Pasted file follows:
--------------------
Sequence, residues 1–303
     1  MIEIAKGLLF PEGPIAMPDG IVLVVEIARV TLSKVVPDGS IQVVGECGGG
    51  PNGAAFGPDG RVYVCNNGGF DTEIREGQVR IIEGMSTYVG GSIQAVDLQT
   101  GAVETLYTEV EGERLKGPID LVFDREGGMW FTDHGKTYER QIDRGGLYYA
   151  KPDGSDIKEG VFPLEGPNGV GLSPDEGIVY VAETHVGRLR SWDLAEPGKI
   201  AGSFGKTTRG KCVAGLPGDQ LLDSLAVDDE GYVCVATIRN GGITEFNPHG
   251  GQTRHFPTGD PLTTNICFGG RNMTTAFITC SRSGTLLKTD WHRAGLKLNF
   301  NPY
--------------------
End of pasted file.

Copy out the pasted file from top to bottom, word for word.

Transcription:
Sequence, residues 1–303
     1  MIEIAKGLLF PEGPIAMPDG IVLVVEIARV TLSKVVPDGS IQVVGECGGG
    51  PNGAAFGPDG RVYVCNNGGF DTEIREGQVR IIEGMSTYVG GSIQAVDLQT
   101  GAVETLYTEV EGERLKGPID LVFDREGGMW FTDHGKTYER QIDRGGLYYA
   151  KPDGSDIKEG VFPLEGPNGV GLSPDEGIVY VAETHVGRLR SWDLAEPGKI
   201  AGSFGKTTRG KCVAGLPGDQ LLDSLAVDDE GYVCVATIRN GGITEFNPHG
   251  GQTRHFPTGD PLTTNICFGG RNMTTAFITC SRSGTLLKTD WHRAGLKLNF
   301  NPY